All posts by Rob White

I believed in dragons

In ancient days, knights believed in dragons, and they believed that dragons were dangerous. Their self-proclaimed job was to find and slay the dragons to save the villagers from danger, and perhaps the bonus would be that they’d woo the fair damsel who hid high in the tower of the castle, hoping to live dragon-free.

Believing in dragons gave the knights an honorable profession. In the dark of the forest, every shadow that happened their way had them draw their swords, ready to slay. As they’d get to the sunny meadow, the shadows would disappear, and the knight would take credit for having slayed the dragon. He’d ride triumphantly into town, sword raised high, bragging about his victory.

There was a time in my twenties when I’d boast of my victories over dragons, trying to get the admiration of my neighbors and perhaps woo the local damsel. Eventually I realized the futility of such a cockamamie scheme. What possible gain did I really think I would get boasting about the dragons I’d slain, accomplishments that were merely figments of my youthful imagination.

Even the animals of the jungle act with unerring effectiveness under the urges of their instincts. While human beings, who are endowed with incredible intuitive intelligence, ignore that intelligence and blunder on, fighting imaginary dragons in hopes of getting approval.

When I stopped fighting dragons, I began finding real purpose in my life. I began setting goals that were of service to the world and meaningful to me. Only then did I begin using my energy productively and begin truly loving my life.

It is clear that only a new look at one’s life, when he feels he has no purpose, can set him free of the confusion that can waste so much time and productive energy. Give yourself time for reflection. Ask yourself often, “What do I value? What is important to me?” Come to know yourself. The rewards will be remarkable.

I found my way

I was lost at sea, in a small dingy. The fog was thick; I couldn’t see three feet in front of me. I had no choice but to turn inward, into the deep of me, for guidance.

Immediately, I remember, before the thick fog settled all around me, seeing a flashing light to the right. An inner urge tells me to paddle the dingy to the right and follow that direction. Within an hour, the fog lifts enough that, sure enough, directly in front of me I see the light again.

I know now that so long as I row in the direction of the light, I will find the rescue I’m seeking. And so I rowed the dingy faithfully, never wavering from my aim to follow my intuition. The next thing I knew, I’d actually rowed to the shore, got out of the boat and rescued myself. I asked the local town-folk about the light, and they all said the same thing, “What light?”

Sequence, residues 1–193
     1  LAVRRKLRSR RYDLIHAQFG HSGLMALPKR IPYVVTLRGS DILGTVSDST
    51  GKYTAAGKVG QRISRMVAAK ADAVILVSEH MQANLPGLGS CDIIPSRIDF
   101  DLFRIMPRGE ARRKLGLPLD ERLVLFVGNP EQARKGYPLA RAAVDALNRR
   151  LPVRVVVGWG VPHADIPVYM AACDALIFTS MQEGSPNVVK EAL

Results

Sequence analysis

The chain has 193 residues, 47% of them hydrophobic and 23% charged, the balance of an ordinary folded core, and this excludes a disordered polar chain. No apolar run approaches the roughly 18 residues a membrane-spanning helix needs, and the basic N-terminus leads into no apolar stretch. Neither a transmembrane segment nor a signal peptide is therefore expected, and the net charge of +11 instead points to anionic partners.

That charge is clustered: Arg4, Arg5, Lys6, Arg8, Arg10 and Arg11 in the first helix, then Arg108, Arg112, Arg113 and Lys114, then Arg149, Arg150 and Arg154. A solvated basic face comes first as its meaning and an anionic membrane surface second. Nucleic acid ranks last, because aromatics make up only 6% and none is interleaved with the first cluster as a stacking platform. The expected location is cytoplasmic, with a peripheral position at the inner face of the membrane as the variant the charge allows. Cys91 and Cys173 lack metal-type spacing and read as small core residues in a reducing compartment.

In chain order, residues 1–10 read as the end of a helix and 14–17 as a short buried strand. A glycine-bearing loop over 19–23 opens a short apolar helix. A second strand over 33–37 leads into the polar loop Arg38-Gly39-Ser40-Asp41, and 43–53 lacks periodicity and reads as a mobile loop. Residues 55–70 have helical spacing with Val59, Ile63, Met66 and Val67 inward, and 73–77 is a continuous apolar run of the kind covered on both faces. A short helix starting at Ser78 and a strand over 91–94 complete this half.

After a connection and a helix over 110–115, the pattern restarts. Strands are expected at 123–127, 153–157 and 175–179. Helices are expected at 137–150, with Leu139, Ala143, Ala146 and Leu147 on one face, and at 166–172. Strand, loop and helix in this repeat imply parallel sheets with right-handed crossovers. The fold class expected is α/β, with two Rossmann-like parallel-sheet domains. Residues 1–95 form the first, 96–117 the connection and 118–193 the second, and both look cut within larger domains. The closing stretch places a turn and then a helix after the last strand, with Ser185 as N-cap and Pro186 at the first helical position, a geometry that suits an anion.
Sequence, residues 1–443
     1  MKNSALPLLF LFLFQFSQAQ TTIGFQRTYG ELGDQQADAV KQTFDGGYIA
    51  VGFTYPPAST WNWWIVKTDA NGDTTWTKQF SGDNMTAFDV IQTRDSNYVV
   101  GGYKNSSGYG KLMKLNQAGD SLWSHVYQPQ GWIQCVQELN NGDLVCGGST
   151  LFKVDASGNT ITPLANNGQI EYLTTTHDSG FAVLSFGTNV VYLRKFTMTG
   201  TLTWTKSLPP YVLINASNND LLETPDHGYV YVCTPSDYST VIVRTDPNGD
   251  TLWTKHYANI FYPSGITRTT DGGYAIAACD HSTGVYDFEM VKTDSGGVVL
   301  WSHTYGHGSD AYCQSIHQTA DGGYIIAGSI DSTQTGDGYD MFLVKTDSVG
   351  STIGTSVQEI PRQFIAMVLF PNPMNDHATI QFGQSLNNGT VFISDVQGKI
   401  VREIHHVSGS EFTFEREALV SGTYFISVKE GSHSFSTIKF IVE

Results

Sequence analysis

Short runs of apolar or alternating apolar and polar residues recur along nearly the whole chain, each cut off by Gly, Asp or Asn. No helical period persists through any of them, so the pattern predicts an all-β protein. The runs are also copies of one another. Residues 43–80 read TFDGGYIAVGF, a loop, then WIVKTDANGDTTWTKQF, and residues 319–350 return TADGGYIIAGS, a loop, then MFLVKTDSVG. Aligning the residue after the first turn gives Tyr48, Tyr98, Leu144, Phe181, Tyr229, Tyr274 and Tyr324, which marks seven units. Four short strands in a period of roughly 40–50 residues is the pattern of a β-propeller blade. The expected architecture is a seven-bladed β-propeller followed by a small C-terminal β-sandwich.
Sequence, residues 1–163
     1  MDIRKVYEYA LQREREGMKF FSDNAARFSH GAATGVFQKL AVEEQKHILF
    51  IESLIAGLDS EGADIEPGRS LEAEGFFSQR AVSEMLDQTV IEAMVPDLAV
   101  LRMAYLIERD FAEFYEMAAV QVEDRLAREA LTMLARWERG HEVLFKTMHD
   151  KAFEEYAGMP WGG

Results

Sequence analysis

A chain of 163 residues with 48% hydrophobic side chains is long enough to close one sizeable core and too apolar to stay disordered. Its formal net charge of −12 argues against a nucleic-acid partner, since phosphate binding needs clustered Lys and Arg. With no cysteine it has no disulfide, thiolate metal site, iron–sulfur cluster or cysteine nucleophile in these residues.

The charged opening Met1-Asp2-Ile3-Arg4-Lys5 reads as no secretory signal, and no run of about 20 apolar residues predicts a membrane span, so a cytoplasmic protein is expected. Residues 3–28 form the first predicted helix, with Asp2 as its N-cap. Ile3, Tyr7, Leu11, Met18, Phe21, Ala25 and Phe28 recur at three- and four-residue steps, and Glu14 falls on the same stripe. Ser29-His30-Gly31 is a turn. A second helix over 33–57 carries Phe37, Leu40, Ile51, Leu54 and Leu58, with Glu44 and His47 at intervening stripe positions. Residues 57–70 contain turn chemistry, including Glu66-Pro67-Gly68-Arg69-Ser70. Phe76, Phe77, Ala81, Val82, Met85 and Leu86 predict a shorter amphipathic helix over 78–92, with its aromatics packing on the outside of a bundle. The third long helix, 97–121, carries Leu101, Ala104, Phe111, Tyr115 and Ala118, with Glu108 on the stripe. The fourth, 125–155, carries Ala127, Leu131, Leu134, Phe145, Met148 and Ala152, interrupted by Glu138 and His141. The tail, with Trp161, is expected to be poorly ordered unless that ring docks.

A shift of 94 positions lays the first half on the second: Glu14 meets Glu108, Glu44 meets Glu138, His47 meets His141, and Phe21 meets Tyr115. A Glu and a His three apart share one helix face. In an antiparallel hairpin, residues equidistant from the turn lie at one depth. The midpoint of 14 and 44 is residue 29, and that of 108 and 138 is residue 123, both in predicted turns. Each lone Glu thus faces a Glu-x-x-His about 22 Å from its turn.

Remember, no effort at trusting your intuition and inner guidance system is ever lost. No matter what problem may beset you, there is an answer. And the answer is usually found when you seek it in the deep of you.

What octane is your emotional fuel?

As you awaken in the morning, what’s the octane of the emotional fuel that you pour into your mind? Is it high octane? Are you curious about what you can do to make a positive difference today? Are you ambitious to get on with your aspirations and aims?

The octane of the emotional fuel that you pour into your mind comes from the self-talk in which you engage. We must remind ourselves that we have the power to choose what octane our emotional fuel will be. What you value has everything to do with the self-talk that you focus upon.

Some folks wake up grumbling. They choose to start their day with low octane emotional fuel. And as weird as it may be – they actually seek out confrontations throughout their day to validate their choice of low octane energy.

Some folks wake up with a bright smile. They love what they’re up to in life, and they’re ready to go, full of passion and resilience.

Here’s three tips I’ve found helpful to be sure I continually fill up with high octane emotional fuel:

  1. I’ve made it a habit to remain aware of, and abandon all self-talk that implies, “Poor me.” “Poor me” provokes problems. “Poor me” guarantees an identity that stops us from living the abundant life of love and laughter we all come here to experience.

  2. I have trained my brain to be alert to moments when the compulsion “to be right” is trying to take control of me. I stop whatever I am saying or doing immediately, before the compulsion gains the momentum it needs to make my decisions for me. People who spend their time defending their points of view are not receptive to anything new. I remind myself that a quiet mind is an inquiring mind that seeks answers that work in life, not answers that insist I’m right. Such answers offer no opportunity for growth.